|Naval Officers, by James Fenimore Cooper|
|Commodore Melancthon Brooks Woolsey|
|Alida Livingston Woolsey and Rev. Isaac Pierson Stryker|
|Rev. Melancthon Woolsey Stryker|
Commodore Melancthon Taylor Woolsey
James Fennimore Cooper
Young Woolsey was born about the year 1782, his parents having married near the termination of the war of the Revolution. His early education was that usually given to young gentlemen intended for the professions, and the commencement of the year 1800 found him a student in the office of the late Mr. Justice Platt, then a lawyer of note, residing at Whitesborough, in Oneida County, and the member of Congress for his district. This was the period when the present navy may be said to have been formed, the armaments of 1798 and 1799 having substantially brought it into existence. Young Woolsey, being of an athletic frame and manly habits, had early expressed a desire to enter the service, a wish that was gratified through the influence of Mr. Platt, as soon as that gentleman attended in his seat in Congress, which then sat in Philadelphia. We ought to have mentioned that Mr. Justice Platt was the husband of a sister of his pupil's mother, and consequently was the latter's uncle by marriage. [Correction: This mistake is continuously made. Jonas Platt married Helen Livingston, the AUNT of Catharine Livingston, the wife of Arthur Breese and mother of Admiral Samuel Livingston Breese.]
Woolsey learned a great deal of the elementary portions of his profession during the few months he served in the Adams. He was of an age to see the necessity for exertion, as well as to comprehend the reasons of what he saw done, and few midshipmen made better use of their time.
In dropping out of the East River into the Hudson, the pilot got the Boston on a reef of rocks that lie near the Battery. Woolsey, who had made himself a good deal of a seaman while in the Adams, was rated as a master's mate on board the Boston, and he was sent ashore with a boat, with orders to go to the navy-agent, in order to direct him to send off a lighter, with spare anchors and cables. On landing, he met the navy-agent on the battery, and communicated his orders. The latter asked Mr. Woolsey to proceed with his boat a short distance, in order to tow a lighter round to a pont where it could receive the ground-tackle needed. Supposing he should be conforming to the wishes of his captain, and knowing that, in consequence of meeting the navy-agent on the Battery, he might still return to the ship sooner than he was expected, the young officer complied. As soon as the duty was over, Woolsey returned on board the Boston, repaired to the cabin, and reported all that he had done. His captain heard him with grave attention. When the midshipman had got through with his story, and expected to be applauded for his judicious decision, the reasons for which he had paraded with some little effort, Capt. McNiell looked intently at him, and uttered, in a slow, distinct manner, the words, "D__d yahoo!" Woolsey remonstrated, with some warmth, but the only atonement he received was a repetition of "D__d yahoo!" uttered in a more quick and snappish manner.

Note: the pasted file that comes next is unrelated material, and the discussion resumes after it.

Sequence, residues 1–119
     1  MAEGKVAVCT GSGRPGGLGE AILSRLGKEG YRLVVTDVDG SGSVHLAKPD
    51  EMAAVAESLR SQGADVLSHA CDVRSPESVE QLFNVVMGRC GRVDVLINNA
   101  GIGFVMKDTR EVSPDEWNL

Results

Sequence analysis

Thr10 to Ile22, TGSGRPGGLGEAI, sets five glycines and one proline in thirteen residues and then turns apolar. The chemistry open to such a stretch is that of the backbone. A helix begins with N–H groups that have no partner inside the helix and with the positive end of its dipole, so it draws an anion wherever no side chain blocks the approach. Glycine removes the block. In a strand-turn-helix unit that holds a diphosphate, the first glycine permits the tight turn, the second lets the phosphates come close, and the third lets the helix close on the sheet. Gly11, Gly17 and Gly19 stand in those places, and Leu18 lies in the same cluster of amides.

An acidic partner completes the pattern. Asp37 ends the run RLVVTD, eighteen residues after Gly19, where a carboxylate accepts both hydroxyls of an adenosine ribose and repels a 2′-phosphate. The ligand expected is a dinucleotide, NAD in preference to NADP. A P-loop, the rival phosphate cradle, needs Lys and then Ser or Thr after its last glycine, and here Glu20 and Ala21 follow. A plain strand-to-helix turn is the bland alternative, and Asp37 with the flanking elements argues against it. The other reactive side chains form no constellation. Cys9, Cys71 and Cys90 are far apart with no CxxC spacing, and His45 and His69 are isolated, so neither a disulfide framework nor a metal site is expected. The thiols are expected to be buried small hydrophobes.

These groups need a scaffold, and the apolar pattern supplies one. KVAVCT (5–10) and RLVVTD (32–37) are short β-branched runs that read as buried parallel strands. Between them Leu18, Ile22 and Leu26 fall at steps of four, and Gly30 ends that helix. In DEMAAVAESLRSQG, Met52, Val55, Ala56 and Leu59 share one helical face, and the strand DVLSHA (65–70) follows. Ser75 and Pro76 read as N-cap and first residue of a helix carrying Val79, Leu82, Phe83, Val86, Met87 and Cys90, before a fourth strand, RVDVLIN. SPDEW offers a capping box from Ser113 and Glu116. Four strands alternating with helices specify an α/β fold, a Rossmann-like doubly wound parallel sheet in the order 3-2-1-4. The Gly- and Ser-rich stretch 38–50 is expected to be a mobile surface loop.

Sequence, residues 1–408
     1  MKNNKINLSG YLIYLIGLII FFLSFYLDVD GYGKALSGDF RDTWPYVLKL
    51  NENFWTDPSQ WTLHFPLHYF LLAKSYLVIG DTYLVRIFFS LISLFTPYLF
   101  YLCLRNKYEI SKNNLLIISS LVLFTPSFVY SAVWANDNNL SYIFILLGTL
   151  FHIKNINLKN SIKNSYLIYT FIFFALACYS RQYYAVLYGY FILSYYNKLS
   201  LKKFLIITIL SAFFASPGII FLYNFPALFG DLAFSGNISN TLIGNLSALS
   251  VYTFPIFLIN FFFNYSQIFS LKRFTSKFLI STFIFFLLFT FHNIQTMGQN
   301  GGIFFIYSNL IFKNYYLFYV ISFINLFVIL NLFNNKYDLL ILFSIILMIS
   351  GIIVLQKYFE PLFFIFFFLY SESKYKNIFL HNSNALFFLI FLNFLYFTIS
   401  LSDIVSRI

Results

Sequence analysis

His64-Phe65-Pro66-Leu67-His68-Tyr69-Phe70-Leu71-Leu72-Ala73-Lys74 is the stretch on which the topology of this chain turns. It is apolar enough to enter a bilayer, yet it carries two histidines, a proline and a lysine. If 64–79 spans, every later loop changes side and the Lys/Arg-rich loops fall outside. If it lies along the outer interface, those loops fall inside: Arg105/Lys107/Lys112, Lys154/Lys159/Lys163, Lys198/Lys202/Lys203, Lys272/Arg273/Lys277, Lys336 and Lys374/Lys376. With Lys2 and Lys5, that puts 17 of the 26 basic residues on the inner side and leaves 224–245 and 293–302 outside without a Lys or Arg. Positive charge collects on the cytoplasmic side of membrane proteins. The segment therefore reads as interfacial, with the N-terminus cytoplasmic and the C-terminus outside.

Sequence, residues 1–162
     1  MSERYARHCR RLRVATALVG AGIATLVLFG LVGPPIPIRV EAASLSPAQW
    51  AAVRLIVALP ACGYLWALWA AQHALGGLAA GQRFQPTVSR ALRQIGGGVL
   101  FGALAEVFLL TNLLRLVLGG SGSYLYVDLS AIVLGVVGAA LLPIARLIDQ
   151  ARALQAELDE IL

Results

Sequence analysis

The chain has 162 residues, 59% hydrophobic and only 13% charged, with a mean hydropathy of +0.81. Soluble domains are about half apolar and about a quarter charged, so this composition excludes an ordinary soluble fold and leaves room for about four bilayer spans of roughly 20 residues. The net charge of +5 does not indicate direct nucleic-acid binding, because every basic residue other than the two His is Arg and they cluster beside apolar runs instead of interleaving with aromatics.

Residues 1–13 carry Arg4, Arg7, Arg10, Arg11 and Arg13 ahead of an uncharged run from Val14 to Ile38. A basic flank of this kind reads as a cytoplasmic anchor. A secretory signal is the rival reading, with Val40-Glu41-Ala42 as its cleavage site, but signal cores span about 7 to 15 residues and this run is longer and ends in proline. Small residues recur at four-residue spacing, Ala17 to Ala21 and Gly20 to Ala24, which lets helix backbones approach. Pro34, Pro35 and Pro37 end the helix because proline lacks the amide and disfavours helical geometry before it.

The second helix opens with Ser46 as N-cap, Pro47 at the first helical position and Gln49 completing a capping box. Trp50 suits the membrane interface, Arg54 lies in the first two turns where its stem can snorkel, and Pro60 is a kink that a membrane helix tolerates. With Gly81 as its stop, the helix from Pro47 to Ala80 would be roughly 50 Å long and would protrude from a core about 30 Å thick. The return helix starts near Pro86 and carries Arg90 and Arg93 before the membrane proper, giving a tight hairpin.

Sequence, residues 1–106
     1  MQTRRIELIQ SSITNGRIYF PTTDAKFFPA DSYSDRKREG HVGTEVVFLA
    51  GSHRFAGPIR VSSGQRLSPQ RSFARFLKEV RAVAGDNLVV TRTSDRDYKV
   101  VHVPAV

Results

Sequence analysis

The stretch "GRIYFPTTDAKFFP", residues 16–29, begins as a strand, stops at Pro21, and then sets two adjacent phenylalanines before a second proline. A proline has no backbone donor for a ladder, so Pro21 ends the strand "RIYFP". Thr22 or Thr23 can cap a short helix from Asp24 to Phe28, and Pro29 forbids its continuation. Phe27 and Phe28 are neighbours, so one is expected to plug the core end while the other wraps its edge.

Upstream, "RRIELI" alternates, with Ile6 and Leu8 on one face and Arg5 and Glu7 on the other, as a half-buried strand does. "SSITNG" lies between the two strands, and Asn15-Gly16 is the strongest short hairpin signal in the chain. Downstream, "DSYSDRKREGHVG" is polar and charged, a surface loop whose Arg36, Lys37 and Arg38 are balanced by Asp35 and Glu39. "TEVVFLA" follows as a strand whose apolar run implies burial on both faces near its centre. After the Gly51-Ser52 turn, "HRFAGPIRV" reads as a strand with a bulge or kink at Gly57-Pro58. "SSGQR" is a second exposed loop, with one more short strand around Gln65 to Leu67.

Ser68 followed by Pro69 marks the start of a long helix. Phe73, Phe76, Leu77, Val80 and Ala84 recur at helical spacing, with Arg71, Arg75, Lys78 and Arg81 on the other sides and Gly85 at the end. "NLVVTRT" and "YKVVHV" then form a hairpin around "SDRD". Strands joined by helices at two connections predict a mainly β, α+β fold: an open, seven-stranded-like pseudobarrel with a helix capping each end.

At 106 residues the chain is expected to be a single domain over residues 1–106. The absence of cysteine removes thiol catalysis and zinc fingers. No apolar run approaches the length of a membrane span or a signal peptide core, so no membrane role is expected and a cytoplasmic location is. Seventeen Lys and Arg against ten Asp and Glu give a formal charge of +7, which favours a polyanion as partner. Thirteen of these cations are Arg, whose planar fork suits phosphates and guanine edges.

This little affair was very near driving our young officer out of the ship; but his good sense got the better of his pride, and he came to the wise decision not to let his public areer be affected by his private feelings. Ships were then difficult to be found; the cruise promised to be both instructing and agreeable, in other respects; and large allowances were always made for Capt. McNiell's humor. We say the wise decision, since an officer is usually wrong who suffers a misunderstanding with a superior to drive him from his vessel. So long as he is right and does his duty, he can always maintain his position with dignity and self-respect.